is inexplicably set in Cleveland, Ohio. The adaptation of the 1953 Ray Bradbury novel, a sci-fi classic, stars Michael B. Jordan as fireman Guy Montag in a dystopian near-future where books are burned, independent thought has been outlawed, and pivotal moments occur in "the woods outside Bedford."
The most bizarre thing about the film, which is often on the edge of being decent, is that Cleveland looks like freaking Shanghai. Projected onto massive skyscrapers are live-streams of book burnings and exhortations from the "Ministry," to "Stay Vivid" on "the nine," the apparent evolution of the internet after a (recent?) Second World War that left millions dead.
The Nine is run by an Alexa-like operating system named "Yuxie." And to the extent that there is written language, words have been mongrelized and hideously abbreviated into emoji-like glyphs.
In an early scene, the Cleveland fire department gives a school presentation. It was actually one of the few scenes that I found compelling, in large part because it's easy to see how kids would view a charming, studly guy like Michael B. Jordan as a celebrity. But before a giddy burning demonstration for the youngsters, both To the Lighthouse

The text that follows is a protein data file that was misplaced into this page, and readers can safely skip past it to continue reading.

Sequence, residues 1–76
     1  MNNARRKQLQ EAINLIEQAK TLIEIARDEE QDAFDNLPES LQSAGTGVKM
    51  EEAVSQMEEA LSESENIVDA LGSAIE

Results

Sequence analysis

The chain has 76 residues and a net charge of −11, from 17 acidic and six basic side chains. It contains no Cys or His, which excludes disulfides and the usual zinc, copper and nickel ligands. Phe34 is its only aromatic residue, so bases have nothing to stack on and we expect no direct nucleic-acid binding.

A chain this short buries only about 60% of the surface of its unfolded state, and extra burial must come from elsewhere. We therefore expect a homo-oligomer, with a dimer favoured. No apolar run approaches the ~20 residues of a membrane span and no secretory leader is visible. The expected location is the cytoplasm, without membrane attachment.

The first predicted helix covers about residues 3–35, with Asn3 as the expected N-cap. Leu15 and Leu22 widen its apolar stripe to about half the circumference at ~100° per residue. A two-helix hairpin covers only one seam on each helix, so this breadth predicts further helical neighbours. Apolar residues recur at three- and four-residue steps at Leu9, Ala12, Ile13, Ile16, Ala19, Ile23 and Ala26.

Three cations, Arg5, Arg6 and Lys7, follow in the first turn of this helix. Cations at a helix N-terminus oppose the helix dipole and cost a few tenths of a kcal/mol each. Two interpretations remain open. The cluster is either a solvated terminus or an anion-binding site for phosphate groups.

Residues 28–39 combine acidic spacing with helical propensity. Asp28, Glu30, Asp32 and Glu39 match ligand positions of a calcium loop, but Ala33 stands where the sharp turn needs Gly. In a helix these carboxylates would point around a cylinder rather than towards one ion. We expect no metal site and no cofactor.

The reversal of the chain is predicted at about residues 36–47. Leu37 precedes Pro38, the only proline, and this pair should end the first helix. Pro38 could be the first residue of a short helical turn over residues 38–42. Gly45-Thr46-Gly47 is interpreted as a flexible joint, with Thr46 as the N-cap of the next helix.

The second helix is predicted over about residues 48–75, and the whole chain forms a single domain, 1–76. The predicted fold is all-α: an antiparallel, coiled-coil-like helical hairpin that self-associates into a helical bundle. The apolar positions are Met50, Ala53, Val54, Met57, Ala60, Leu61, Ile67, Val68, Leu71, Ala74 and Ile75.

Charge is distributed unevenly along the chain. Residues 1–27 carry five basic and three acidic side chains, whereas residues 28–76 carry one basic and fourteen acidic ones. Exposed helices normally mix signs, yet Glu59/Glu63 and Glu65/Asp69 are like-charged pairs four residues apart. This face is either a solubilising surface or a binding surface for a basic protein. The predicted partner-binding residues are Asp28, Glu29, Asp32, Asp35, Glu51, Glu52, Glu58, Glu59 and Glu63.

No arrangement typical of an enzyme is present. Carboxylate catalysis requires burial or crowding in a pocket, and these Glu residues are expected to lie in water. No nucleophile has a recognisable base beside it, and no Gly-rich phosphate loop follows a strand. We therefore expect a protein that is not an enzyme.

and Moby Dick
are shown on screens. Each are about a paragraph long. Anything beyond that, says Captain Beatty (played by a steely Michael Shannon), is insanity.
Later, after Montag has begun to question the truth about his world, a rebel type named Clarisse (Sofia Boutella), tells him that there were once 6,000 languages in the world. "Now there are less than 16."
Check out the image above. That's Captain Beatty in conference with other Ohio fire chiefs, dudes from Cincinnati, Dayton, Canton, Akron, Toledo and I think Youngstown. The big face in the middle is the Columbus chief. Lol. They're getting ready to go on an enforcement spree to track down a piece of software or code or something called the Omnis that I never quite understood.
Anyway, there aren't any recognizable Cleveland landmarks. The train that Montag takes to visit Clarisse is clearly not the Rapid. But at one point, a fire truck rumbles over a bridge that feels vaguely Cleveland-ish.
Reddit user Scruff91 summed things up
"Movie sucks, but with some friends and booze it's pretty fucking fun to rip apart. Especially if you're all from Cleveland. It's like a Black Mirror episode that sucks and features great actors giving the worst performances of their careers. But it's also set in Cleveland with hella skyscrapers and holograms and shit. Would recommend."
premiered Saturday and is now available on all HBO streaming platforms.